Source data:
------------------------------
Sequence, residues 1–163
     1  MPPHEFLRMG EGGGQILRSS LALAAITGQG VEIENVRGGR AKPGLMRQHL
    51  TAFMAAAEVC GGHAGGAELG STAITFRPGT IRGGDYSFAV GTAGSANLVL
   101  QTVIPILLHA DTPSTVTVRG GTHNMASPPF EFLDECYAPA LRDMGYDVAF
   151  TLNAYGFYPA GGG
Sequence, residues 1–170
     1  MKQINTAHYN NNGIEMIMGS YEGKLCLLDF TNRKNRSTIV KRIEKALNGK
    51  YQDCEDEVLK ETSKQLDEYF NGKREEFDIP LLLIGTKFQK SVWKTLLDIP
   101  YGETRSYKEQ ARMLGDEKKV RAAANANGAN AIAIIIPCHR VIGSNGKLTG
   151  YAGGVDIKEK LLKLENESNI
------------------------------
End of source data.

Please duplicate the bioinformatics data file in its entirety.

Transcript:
Sequence, residues 1–163
     1  MPPHEFLRMG EGGGQILRSS LALAAITGQG VEIENVRGGR AKPGLMRQHL
    51  TAFMAAAEVC GGHAGGAELG STAITFRPGT IRGGDYSFAV GTAGSANLVL
   101  QTVIPILLHA DTPSTVTVRG GTHNMASPPF EFLDECYAPA LRDMGYDVAF
   151  TLNAYGFYPA GGG
Sequence, residues 1–170
     1  MKQINTAHYN NNGIEMIMGS YEGKLCLLDF TNRKNRSTIV KRIEKALNGK
    51  YQDCEDEVLK ETSKQLDEYF NGKREEFDIP LLLIGTKFQK SVWKTLLDIP
   101  YGETRSYKEQ ARMLGDEKKV RAAANANGAN AIAIIIPCHR VIGSNGKLTG
   151  YAGGVDIKEK LLKLENESNI